In each of the last three years, the Reagan people have fretted publicly about an unpleasant "October surprise." In 1980 and 1981, they avoided it. This year, it may catch up with them.

The original "October surprise" was the possibility that President Carter might engineer some last- minute deal on the Iranian hostages, and thereby snatch victory from defeat in the presidential race.

In the summer of 1981, White House Chief of Staff James A. Baker, III, began talking about a second "October surprise," a possible public backlash against the Reagan budget cuts. Baker was preparing for a possible slump in Reagan's polls, and even some reverses on Capitol Hill. But the congressional support held firm, and when the polls dipped, it was more because of the interest rates than spending cuts.

This time, the focus is the Oct. 8 unemployment report. The White House fears that this will be the report announcing double-digit joblessness.

"I can just imagine what the first eight minutes of the television news will be when unemployment breaks through 10 percent," said one White House official. "It will be 71/2 minutes of pathos, and 30 seconds of us saying we're sorry for people's suffering, but we're sure there will be better times."

This is more than a public relations problem, as even the politicians in the White House acknowledge. Despite the September rally on Wall Street, this is still a very sick and sluggish economy.

In the face of that reality, it is a matter of wonderment to many of the president's men that people are as patient as they are. By substantial majorities, the voters are telling the pollsters they expect things to improve in the next couple of years.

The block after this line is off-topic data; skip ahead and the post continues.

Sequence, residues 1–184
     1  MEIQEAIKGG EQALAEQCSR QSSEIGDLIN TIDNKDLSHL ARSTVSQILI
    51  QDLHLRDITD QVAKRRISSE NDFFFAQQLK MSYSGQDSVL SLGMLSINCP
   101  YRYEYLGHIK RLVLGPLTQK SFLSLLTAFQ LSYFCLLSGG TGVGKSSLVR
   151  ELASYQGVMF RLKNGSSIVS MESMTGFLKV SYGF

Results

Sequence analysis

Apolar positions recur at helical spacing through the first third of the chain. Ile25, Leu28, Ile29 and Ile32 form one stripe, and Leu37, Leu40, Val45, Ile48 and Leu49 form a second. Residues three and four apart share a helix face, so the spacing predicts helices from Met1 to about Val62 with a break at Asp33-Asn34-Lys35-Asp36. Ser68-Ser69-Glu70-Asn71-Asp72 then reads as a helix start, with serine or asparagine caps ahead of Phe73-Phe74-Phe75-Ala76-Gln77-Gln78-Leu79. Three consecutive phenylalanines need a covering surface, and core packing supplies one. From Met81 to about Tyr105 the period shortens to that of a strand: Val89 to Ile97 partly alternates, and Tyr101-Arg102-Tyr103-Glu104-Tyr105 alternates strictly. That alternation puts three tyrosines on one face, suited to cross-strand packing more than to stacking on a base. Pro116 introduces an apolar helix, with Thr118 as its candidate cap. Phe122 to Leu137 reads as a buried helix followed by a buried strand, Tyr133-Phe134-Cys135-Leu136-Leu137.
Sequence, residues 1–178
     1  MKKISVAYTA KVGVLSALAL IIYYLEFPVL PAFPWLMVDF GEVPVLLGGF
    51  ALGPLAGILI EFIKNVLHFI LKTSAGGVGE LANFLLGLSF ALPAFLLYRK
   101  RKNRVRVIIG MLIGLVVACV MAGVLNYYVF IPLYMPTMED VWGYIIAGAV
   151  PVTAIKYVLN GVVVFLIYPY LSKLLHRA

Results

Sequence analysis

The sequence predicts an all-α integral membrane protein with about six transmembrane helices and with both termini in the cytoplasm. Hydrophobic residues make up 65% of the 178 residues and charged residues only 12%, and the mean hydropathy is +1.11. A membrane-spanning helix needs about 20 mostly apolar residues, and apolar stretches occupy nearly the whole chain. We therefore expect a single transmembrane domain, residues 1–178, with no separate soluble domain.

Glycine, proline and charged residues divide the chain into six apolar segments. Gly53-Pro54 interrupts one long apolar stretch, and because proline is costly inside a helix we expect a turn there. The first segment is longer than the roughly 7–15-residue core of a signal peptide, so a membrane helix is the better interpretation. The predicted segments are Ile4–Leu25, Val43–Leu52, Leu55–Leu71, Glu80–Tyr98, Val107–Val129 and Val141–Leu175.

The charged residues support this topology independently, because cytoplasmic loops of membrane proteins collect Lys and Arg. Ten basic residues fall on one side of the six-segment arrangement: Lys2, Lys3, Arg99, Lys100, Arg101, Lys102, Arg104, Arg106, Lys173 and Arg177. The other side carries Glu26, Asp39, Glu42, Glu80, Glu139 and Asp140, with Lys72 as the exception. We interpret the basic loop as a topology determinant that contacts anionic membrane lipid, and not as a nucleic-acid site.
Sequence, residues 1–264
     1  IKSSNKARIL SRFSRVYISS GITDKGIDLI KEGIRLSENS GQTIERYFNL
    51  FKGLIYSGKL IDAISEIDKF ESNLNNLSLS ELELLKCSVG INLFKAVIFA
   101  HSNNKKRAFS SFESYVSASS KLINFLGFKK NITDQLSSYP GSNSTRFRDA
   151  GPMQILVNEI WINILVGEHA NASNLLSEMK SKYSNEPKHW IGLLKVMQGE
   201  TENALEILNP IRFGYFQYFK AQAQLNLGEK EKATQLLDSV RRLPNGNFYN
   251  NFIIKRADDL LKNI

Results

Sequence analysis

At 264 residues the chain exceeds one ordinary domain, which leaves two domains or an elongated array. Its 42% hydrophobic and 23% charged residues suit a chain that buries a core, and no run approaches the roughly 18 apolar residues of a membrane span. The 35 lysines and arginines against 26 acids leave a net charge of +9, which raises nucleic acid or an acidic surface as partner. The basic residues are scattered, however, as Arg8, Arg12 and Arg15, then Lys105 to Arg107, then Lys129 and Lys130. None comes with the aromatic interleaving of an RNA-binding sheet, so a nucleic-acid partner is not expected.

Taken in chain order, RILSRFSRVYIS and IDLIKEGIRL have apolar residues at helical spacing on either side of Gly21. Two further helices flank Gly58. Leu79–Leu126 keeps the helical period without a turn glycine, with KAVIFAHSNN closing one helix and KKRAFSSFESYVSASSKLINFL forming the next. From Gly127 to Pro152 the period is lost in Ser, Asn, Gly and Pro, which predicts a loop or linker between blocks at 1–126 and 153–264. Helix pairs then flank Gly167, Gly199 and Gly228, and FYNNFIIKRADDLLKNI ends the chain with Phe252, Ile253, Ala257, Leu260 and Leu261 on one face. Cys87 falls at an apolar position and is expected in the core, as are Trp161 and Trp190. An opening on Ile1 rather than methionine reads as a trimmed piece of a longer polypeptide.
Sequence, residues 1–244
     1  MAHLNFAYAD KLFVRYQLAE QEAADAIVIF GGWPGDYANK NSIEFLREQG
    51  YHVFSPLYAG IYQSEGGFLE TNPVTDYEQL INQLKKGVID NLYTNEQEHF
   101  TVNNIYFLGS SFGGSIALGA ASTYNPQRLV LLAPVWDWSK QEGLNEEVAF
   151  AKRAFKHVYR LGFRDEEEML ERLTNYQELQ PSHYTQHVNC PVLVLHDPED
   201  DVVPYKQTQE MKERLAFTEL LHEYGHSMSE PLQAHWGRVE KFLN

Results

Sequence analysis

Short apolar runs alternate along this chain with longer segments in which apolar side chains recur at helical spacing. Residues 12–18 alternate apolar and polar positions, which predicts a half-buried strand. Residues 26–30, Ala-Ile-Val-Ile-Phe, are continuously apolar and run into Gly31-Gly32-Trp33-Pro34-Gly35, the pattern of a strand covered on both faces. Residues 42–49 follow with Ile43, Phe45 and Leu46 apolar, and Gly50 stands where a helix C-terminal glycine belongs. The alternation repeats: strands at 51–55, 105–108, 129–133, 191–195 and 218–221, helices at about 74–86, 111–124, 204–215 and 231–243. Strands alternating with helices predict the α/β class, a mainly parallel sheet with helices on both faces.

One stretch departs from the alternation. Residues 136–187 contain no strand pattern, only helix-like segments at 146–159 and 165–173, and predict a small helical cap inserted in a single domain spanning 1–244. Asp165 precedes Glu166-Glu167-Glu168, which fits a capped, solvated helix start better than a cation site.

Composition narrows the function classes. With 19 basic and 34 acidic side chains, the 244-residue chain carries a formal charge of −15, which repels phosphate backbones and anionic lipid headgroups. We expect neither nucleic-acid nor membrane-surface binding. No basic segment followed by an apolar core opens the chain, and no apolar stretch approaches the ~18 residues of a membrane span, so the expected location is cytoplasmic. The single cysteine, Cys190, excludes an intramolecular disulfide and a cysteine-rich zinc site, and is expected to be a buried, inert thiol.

Part of that patience stems from the fact that substantial numbers of Americans are prospering under Reaganomics. Those in their middle years with paid-down mortgages and secure jobs are benefiting from the cut in taxes, the decline in inflation and the incentives to savings.

Equally significant has been the patience of millions who say that their economic situation has worsened since Reagan became president but have been willing to give his program more time. It is their confidence that White House officials think may be jarred by the Oct. 8 report.

Related fears are expressed by senior Republicans. One is that the Democrats, after 21 months of ineffectual muttering about Reaganomics, may finally have found their voice. One top GOP strategist was openly admiring of the new Democratic National Committee commercials, especially one showing a champagne-like gush of tax benefits filling the crystal glasses of the rich, while the worker below gets a few drops of tax relief in a tin cup.

"Nobody knew what trickle-down meant," this official said, "until this commercial showed it. If they had $10 million to put these ads on the air, they'd cut us to shreds."

In their new nervousness, the Republicans worry even about Reagan. He is talking much more about abortion, school prayer and other New Right social issues than he is about the economy, and those issues are either irrelevant or harmful when the public is almost totally fixated on the economy.

So October is worrisome once again. And this time, maybe, for good reason.